Interesting stuff! I'm no physics major, but it seems to that directional causality is the only obvious way by which we can differentiate the past and the future. If causailty is bi-directional, doesn't that invalidate/remove the foundation from underneath laws that appear to rely on this directionality? The main example I'm thinking of is the second law of thermodynamics, but I'm guessing there are others.
Thanks nice site hope to exchange thoughts further.
Thanks citizensearth. What makes the 2nd law interesting is the fact that the early universe has very low entropy. Given that there is a time with very low entropy, statistics and physics nearly guarantee an increase as you move away from that. Because we can remember only lower-entropy (relative to us) times and plan-and-control only higher-entropy times, we perceive time to flow "toward" the higher entropy direction.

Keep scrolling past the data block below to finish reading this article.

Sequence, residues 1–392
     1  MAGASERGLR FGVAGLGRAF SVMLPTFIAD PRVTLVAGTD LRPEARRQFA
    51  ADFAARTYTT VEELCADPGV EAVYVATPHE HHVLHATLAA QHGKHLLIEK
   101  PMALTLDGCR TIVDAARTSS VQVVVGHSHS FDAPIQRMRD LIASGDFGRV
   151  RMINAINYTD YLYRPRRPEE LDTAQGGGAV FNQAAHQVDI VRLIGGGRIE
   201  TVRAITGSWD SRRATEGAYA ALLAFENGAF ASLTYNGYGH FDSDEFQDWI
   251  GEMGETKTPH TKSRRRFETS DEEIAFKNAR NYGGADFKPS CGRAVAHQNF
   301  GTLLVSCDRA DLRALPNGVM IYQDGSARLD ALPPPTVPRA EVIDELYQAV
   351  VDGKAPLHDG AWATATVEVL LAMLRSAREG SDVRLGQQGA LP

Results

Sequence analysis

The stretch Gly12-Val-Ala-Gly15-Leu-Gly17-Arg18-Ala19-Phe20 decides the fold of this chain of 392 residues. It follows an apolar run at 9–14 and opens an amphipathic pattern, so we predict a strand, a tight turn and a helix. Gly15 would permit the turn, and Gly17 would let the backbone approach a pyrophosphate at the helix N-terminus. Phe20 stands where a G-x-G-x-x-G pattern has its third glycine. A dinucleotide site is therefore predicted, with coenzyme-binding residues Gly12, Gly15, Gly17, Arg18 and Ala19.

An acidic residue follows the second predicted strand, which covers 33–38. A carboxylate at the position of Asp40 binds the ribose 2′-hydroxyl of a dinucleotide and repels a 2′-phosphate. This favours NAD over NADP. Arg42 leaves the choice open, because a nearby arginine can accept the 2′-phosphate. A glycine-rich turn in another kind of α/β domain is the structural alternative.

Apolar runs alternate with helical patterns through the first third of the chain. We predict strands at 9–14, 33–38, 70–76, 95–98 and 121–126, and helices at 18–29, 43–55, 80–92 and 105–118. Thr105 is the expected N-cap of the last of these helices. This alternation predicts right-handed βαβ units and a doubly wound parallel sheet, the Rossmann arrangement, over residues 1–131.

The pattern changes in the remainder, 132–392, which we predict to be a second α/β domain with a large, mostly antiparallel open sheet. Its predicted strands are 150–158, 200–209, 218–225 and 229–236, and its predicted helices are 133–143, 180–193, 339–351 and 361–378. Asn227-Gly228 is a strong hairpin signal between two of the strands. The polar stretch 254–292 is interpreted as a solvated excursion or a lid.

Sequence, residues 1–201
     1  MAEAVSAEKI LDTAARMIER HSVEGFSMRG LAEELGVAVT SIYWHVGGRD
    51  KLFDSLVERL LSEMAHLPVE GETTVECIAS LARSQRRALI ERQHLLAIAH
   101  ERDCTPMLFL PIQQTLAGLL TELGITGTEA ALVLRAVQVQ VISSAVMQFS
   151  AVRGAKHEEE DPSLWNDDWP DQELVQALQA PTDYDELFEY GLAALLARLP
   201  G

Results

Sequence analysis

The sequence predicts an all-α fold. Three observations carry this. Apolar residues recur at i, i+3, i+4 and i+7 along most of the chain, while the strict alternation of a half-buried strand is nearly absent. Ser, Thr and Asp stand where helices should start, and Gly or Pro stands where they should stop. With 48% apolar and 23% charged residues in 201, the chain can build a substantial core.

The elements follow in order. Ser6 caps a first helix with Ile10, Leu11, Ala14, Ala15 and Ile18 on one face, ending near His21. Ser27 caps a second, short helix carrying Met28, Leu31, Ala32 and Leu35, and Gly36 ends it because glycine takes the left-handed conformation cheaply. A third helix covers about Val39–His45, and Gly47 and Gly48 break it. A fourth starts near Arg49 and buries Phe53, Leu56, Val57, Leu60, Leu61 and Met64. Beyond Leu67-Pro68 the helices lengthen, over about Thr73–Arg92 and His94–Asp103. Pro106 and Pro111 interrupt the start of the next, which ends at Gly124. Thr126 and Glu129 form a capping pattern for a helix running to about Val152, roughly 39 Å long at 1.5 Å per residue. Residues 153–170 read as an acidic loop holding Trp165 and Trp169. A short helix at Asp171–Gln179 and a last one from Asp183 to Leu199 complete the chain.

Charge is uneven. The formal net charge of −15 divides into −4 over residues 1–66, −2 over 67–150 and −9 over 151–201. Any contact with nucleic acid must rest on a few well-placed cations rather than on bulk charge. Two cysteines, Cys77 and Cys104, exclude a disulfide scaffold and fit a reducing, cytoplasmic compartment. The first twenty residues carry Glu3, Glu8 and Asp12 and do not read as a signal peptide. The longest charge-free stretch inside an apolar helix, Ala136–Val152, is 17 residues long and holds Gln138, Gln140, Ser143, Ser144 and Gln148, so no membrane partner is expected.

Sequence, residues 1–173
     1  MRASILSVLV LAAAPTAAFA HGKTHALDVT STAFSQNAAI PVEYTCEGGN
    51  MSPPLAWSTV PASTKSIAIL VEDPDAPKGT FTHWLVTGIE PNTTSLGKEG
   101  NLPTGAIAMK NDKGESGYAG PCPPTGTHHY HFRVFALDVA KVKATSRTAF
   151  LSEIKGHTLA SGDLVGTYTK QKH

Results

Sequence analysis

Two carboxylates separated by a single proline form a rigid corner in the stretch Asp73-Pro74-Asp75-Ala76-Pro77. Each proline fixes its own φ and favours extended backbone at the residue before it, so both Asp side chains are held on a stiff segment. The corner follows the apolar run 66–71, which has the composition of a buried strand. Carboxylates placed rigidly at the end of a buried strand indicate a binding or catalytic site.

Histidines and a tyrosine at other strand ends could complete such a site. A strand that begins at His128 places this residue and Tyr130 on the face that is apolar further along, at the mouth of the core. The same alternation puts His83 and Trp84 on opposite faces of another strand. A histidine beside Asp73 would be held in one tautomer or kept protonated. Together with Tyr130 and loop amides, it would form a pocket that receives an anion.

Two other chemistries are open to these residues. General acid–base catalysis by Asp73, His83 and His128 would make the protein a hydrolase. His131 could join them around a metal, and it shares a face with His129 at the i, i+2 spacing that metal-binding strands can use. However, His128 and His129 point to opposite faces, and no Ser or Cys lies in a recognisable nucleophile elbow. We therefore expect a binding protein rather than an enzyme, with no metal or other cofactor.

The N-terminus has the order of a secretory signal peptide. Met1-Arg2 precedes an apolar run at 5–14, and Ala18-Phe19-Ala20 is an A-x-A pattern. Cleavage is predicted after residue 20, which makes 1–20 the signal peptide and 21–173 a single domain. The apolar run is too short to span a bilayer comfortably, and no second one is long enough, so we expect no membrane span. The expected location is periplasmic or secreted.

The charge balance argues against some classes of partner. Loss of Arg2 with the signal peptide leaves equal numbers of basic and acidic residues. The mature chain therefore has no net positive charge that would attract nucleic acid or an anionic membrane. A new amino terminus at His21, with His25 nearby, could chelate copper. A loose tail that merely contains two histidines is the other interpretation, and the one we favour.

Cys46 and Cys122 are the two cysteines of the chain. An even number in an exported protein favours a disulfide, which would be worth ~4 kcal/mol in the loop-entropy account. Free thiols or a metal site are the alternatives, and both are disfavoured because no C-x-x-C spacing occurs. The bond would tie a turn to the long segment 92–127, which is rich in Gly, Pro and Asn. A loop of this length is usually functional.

Dear Dr. Torek,
Greetings. Thank you so very much for your interest in the lab's work. You are correct that, in Passive Frame Theory, conscious states serve an essential role for adaptive behavior. See more information here:
Best regards, EM
Thank you Dr. Morsella! Good to know. Did you get here by way of my comments on Jerry Coyne's blog whyevolutionistrue.wordpress.com?
Paul Torek is a philosopher posing as an engineer at work, and vice-versa here on the web